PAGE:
Filmmaker Joel Gilbert has mailed 2.7 million copies of his full-length documentary “Dreams from My Real Father” to households in key swing states, with 1.5 million going to Florida, 700,000 to Colorado and 500,000 to Iowa. The mass distribution follows a mailing last month in which Gilbert sent 1.38 million DVDs of “Dreams from My Real Father” to households in swing state Ohio along with 100,000 to New Hampshire and 80,000 to Nevada...

Gilbert argues in the documentary that Frank Marshall Davis, the radical poet and journalist who was a card-carrying member of the Communist Party USA, was the real, biological and ideological father of Barack Obama, not Barack Obama, the Kenyan, who came from Africa in 1959 to attend the University of Hawaii in Honolulu...

“We can manufacture and ship 1 million DVDs per day out of Southern California,” he explained.

Here we are getting the much-bigger-budget sequel to the original Manchurian Candidate story about Obama. During and immediately after the last election, conservatives in the dark shadows of talk radio and fringe magazines used the president's mixed-race heritage to manufacture allegations that he is a foreign-born Muslim revolutionary. This time around comes Manchurian Candidate II: Communist Bugaboo: a blockbuster production mass-marketed for optimal electoral influence, one that uses Obama's race to cast him in the role of Angry Radical Black Guy.

On the specifics of the allegations, Businessweek accurately summarized the explicit racial premise of the whole attack when it analyzed Gilbert's New York Post ad documenting his "findings."

"The only 'evidence' the ad provides is a pair of side-by-side photos of Obama and Davis, who bear no resemblance to each other aside from the fact that both men are black and, in the photos, are facing the same direction," the magazine wrote. In other words, the grotesque logic is that since Davis and Obama are both black and both of them knew each other, Obama must be Davis' son. As visual evidence for such a preposterous logic, we have a side-by-side display of photographs aimed at convincing onlookers to succumb to racist impulses telling them that all black men -- even ones as aesthetically different as Davis and Obama -- somehow look alike.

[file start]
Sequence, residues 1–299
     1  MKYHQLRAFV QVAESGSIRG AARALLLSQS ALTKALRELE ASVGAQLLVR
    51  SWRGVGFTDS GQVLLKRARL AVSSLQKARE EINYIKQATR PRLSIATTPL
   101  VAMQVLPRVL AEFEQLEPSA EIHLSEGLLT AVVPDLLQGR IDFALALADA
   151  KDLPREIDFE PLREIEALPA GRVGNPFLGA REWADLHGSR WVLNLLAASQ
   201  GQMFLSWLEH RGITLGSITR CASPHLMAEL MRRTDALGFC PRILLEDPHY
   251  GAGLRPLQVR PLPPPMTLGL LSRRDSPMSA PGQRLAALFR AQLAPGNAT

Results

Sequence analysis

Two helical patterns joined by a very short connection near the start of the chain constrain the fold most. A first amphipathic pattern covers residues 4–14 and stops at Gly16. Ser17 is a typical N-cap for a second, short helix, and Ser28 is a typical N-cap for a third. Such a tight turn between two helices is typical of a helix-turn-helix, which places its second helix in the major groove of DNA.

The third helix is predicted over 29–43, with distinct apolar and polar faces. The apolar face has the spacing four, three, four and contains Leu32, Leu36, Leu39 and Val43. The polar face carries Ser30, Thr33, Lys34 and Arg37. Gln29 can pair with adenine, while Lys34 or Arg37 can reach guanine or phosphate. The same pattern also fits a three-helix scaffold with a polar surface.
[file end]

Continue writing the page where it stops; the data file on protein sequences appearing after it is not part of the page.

Of course, those like Gilbert and others trying to racialize the 2012 election will claim that the real conspiracy theorists are those criticizing them. Like all purveyors of dog-whistle racism in the past, they will say their efforts have nothing to do with bigotry and everything to do with just "getting the facts out." But their efforts are obviously right out of Lee Atwater's Republican playbook.

''You start out in 1954 by saying, 'Nigger, nigger, nigger,'" said the late GOP strategist. "By 1968 you can't say 'nigger' -- that hurts you. Backfires. So you say stuff like forced busing, states' rights and all that stuff. You're getting so abstract now [that] you're talking about cutting taxes, and all these things you're talking about are totally economic things and a byproduct of them is [that] blacks get hurt worse than whites."

That's what this is all about: using coded language to manufacture a plausible deniability about conservative bigotry. Until Republican leaders publicly repudiate it, that kind of prejudice will continue to define American politics -- in 2012 and beyond.

By David Sirota

David Sirota is a senior writer for the International Business Times and the best-selling author of the books "Hostile Takeover," "The Uprising" and "Back to Our Future." E-mail him at ds@davidsirota.com, follow him on Twitter @davidsirota or visit his website at www.davidsirota.com.

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2012 Elections Barack Obama Democratic Party Gop Mitt Romney Mormon Church Race Racism